"I am someone experienced in the economy. I am not an economic lightweight. President Obama is. We are not going to be successful replacing an economic lightweight with another economic lightweight. We are going to have replace him with someone who knows how to run this economy."
In response, Santorum asked if Americans wanted a president with ties to big banks.
"I heard Gov. Romney here called me an 'economic lightweight' because I wasn't a Wall Street financier like he was. Do you really believe this country wants to elect a Wall Street financier as the president of the United States?" Santorum asked at a campaign rally in Rockford.
Later Monday, the two campaigns argued over a quote from Santorum at a rally in Moline, Illinois, in which he hit on an often-repeated theme that the two biggest issues in the campaign were freedom and health care, and Romney would be a weaker candidate on the latter because the health care reform effort Romney oversaw in Massachusetts was the "blueprint for Obamacare."
"We need a candidate who's going to be a fighter for freedom -- who's going to get up and make that the central theme in this race, because it is the central theme in this race. I don't care what the unemployment rate is going to be. It doesn't matter to me. My campaign doesn't hinge on unemployment rates and growth rates. There's something more foundational that's going on here," Santorum said.
Following Santorum's speech, Romney's team blasted out an e-mail to reporters with a link to a five-second clip of Santorum saying: "I don't care what the unemployment rate is going to be. It doesn't matter to me."
In the e-mail from Romney's campaign, spokeswoman Andrea Saul criticized Santorum over the comment.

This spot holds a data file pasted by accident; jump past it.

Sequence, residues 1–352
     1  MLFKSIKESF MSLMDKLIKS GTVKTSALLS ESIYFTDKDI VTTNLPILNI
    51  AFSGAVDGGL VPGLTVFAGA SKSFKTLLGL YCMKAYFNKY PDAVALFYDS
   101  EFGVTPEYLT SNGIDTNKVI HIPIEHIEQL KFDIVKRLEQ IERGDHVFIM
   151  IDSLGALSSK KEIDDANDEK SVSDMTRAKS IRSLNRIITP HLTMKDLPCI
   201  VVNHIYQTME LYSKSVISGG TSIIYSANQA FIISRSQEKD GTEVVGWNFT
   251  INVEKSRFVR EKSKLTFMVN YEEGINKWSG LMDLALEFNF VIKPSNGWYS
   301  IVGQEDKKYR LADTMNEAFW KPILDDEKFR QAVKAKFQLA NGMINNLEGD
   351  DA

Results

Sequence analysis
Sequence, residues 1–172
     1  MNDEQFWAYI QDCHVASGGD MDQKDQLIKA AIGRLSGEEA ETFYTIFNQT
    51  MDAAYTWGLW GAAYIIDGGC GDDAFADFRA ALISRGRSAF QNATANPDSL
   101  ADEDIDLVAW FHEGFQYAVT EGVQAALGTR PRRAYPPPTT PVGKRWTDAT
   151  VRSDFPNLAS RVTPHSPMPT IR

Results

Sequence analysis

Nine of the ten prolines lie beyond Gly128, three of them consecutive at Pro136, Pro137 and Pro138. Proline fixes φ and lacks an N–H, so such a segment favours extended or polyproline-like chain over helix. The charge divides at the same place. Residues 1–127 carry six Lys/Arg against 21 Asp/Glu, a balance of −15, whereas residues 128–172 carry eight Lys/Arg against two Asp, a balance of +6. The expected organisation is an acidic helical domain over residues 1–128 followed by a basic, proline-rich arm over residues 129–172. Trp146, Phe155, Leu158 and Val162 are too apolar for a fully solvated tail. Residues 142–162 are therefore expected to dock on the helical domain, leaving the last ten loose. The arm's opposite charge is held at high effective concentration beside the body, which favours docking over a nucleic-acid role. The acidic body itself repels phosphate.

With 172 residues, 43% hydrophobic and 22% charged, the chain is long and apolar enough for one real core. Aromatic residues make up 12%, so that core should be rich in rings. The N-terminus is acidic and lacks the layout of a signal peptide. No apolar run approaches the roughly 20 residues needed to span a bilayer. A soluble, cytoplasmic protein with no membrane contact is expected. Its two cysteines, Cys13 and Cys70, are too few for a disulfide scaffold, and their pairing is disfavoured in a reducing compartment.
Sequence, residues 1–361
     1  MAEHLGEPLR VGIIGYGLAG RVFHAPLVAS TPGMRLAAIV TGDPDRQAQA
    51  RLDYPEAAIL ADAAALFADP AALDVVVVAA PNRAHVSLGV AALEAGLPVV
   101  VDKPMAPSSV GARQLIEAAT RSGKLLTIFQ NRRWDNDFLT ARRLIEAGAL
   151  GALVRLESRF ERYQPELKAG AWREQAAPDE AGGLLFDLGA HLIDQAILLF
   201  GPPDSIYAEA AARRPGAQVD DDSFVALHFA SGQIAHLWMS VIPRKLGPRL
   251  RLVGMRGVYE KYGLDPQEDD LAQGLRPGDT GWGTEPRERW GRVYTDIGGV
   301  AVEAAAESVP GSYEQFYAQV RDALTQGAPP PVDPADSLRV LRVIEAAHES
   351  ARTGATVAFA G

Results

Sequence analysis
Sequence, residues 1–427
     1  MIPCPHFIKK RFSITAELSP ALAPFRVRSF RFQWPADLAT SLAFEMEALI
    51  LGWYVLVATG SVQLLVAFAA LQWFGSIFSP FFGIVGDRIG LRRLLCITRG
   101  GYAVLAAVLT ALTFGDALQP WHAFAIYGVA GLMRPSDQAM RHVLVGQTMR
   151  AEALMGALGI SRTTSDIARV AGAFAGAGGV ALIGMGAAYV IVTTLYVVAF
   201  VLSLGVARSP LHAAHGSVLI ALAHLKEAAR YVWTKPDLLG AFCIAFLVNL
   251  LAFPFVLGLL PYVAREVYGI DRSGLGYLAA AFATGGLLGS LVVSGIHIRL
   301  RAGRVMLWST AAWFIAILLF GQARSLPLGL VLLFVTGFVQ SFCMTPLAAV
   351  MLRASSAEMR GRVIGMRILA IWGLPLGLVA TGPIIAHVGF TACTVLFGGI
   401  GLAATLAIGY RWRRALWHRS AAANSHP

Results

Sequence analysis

"Wow. Sen. Santorum may not care about the unemployment rate in this country or the nearly 24 million Americans struggling for work, but Mitt Romney does and is running to get people back to work," Saul said.
After Santorum's event, he sought to clear up his remarks, telling reporters that he is concerned about the unemployment rate.
"Of course I care about the unemployment rate, I want the unemployment rate to go down, but I'm saying my candidacy doesn't hinge on whether the unemployment rate goes up or down," Santorum said. "Our candidacy is about something that transcends things, about freedom."
Later, Santorum's spokesman Hogan Gidley said in a statement to CNN that Romney's team was "trying to deceive voters."
"Rick was making the point that the Santorum campaign is not based solely on unemployment rates -- it's based on returning freedom and restoring this country's greatness -- and that it's a mistake for anyone to try and reduce the idea of America to just the 'economy.' Sadly, Mitt Romney thinks this country and this election should be reduced to math, money and spreadsheets," Gidley said.
Regardless of what polling shows, Santorum remains confident. And he knows the stakes hold in Illinois.
"If we're able to get out of Illinois with a huge or surprise win, I guarantee you, I guarantee you, that we will win this nomination. We will nominate a conservative, we will beat Barack Obama in the fall election," he told voters Saturday night in Effingham, Illinois.